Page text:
If you’ve ever perused the aisles of a Japanese grocery store, you’ve probably noticed several things.
The bananas are prepackaged.
There is no cereal aisle, only an itty bitty cereal section with, maybe, 4 types of cereal (this makes me curl up in a ball and cry every time I go to the grocery store. No really).
A plethora of fresh seafood available at a decent price (being a couple thousand miles away from the ocean, you don’t see a whole lot of fresh ocean fish in Oklahoma).
Whole wheat bread? What whole wheat bread?
You mean you want a bag of whole wheat flour that contains more than two cups of flour for less than $5? But why? *cue involuntary eye twitch*
One other interesting difference you might notice is the lack of ground sausage meat. While there are plenty of mini wieners (called sausages here, but to me, they just taste like mini hot dog wieners), a few different types of real sausages, and even fish sausages, there is no ground sausage meat.
Now, some people love sausages. My husband is one of them. Power to them. I, however, have always preferred ground sausage, more specifically, ground turkey sausage. It’s healthier than your regular pork sausage, and it’s tasty too! Sadly, I’ve simply never found any form of ground sausage meat here in Japan.
One day, however, I discovered a ridiculously simple looking recipe for turkey sausage, and thought, “Yes! That’s it! I’ll make my OWN turkey sausage!”.
Following this epiphany, there was much dancing and rejoicing, until I realized that there is also no ground turkey meat in Japan.
Fortunately! I had another epiphany, and decided I would just use ground chicken (readily available in Japan) instead of turkey, because who can tell the difference, really?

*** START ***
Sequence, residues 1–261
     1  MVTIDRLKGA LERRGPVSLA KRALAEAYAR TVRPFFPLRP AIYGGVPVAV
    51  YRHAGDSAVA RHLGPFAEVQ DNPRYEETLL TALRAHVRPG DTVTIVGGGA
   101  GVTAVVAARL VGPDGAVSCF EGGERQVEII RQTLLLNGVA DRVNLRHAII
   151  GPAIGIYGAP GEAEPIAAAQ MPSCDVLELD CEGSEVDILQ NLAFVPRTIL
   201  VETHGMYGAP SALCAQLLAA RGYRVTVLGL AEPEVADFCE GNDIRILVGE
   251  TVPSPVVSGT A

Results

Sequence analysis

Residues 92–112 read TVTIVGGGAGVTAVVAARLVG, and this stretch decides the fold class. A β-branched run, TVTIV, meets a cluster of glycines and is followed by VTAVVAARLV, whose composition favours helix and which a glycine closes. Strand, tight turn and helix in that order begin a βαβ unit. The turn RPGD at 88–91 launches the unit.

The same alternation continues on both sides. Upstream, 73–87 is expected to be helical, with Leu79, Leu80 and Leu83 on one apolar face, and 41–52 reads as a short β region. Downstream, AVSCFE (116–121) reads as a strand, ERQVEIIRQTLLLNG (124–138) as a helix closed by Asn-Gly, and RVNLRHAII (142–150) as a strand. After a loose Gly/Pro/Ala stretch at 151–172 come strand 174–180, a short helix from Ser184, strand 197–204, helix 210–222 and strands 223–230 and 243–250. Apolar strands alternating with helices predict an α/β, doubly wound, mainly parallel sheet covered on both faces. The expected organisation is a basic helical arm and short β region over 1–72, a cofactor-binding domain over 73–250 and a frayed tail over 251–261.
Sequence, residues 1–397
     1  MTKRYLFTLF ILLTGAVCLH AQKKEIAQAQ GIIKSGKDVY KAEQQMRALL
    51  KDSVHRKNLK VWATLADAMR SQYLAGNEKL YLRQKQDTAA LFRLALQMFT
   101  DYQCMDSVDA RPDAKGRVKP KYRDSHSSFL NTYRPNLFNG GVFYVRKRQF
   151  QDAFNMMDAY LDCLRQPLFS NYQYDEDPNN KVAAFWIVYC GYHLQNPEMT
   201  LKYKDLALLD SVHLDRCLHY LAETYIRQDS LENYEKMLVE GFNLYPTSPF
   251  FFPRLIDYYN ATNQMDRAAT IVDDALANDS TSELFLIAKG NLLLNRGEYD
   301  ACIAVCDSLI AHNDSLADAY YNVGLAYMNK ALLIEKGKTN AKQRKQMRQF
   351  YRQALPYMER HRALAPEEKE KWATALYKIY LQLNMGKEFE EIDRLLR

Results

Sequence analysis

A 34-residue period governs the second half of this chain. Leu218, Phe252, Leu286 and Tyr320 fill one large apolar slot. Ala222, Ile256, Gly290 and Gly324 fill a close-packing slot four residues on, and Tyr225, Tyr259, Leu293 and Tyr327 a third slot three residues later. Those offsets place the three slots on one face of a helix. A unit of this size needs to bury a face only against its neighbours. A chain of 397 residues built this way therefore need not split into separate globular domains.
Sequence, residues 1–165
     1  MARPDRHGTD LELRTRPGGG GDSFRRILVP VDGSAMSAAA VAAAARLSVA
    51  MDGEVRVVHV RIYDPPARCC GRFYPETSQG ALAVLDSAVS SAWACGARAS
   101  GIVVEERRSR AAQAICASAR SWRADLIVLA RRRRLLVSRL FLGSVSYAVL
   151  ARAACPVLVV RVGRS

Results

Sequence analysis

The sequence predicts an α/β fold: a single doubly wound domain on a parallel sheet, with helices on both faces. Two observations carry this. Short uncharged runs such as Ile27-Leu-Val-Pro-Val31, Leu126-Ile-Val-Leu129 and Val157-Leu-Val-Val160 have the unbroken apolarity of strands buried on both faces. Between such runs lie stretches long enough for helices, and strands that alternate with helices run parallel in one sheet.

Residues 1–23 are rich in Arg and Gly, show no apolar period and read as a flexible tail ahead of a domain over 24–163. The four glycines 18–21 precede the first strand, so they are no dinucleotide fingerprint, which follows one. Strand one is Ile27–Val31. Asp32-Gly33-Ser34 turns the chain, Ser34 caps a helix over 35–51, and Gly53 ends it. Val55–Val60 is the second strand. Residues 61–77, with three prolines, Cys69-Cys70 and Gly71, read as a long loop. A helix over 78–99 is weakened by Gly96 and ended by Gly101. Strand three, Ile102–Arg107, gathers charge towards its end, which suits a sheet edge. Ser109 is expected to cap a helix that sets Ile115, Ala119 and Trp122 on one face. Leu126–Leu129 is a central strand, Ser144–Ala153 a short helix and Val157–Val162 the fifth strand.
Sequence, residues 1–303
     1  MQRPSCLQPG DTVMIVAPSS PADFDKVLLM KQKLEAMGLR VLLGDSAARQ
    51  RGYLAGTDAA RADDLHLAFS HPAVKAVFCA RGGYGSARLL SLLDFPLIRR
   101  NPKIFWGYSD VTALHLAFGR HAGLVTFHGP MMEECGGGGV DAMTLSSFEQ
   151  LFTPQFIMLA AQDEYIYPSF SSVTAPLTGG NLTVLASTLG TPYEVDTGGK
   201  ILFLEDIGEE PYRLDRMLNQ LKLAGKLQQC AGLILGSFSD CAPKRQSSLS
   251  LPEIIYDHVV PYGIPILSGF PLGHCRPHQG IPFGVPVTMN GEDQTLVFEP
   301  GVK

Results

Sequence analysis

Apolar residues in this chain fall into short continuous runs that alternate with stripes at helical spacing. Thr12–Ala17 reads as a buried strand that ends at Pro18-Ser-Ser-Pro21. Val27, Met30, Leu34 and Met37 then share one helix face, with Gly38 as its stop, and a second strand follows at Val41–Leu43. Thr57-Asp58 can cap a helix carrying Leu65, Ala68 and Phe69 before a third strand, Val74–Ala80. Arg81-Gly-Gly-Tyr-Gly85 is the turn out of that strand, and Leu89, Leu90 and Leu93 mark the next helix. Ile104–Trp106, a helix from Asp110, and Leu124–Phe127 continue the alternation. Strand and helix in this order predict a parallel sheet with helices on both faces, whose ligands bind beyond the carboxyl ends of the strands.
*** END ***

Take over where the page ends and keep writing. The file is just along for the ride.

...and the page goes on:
Thus began my first attempt at making my own
turkey chicken sausage.
My husband and I both love this sausage. It tastes just like turkey sausage you’d buy in the store. Some added benefits, you can adjust the spiciness and salt content yourself, and you don’t have to worry about dangerous nitrates or other dodgy chemicals being present in your sausage. It’s a win-win situation. And who doesn’t like a win-win situation that involves good food?
The recipe I use is based on the Breakfast Turkey Sausage recipe from the book, Nourishing Traditions.
I recommend doubling (or tripling) this recipe, then just freezing the patties (method mentioned below), so you’ll have them on hand whenever you want.
- 1 lb ground turkey (or ground chicken)
- 1 Tbsp onion powder
- 1/4 tsp cumin, marjoram, ground pepper, oregano, ground nutmeg, ground ginger
- 1/8 -1/4 tsp cayenne pepper (depending on how spicy you like your sausage)
1/2 tsp dried basil, thyme, sage
- 1/2 tsp salt ( recommend sea salt)
- 1 egg
In a large bowl, combine all ingredients, mixing until spices are well incorporated.
Cover and refrigerate mixture for at least one hour to allow the flavors to combine (trust me, it tastes better if you do this).
Shape into patties and cook on a skillet on medium heat until brown on one side, then flip and continue to cook on the other side until brown. You can either cook the patties in some melted butter, or on a dry non-stick skillet.
If you want to freeze your sausage patties, line a cookie sheet with wax paper. Shape the sausage mixture into patties and place on the lined cookie sheet so they’re not touching (You can create more than one layer of patties on the same cookie sheet if you separate each layer with wax paper). Pop the cookie sheet (uncovered) into the freezer for about an hour. After an hour, pop the frozen patties off the wax paper and store in a large freezer bag.
If you think of it, you can take out however many of the frozen patties you’ll need for breakfast the night before, and put them in the refrigerator. Or if you’re like me, and breakfast is a spur of the moment decision you make while waiting for the coffee to finish, then you can just defrost the patties in the microwave before cooking them as mentioned above. Easy.